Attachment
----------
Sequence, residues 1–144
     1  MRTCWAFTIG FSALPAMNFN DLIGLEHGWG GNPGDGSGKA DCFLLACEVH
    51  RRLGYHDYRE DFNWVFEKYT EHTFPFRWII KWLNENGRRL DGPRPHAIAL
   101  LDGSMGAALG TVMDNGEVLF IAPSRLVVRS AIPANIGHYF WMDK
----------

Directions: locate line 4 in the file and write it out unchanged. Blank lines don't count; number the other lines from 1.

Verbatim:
   101  LDGSMGAALG TVMDNGEVLF IAPSRLVVRS AIPANIGHYF WMDK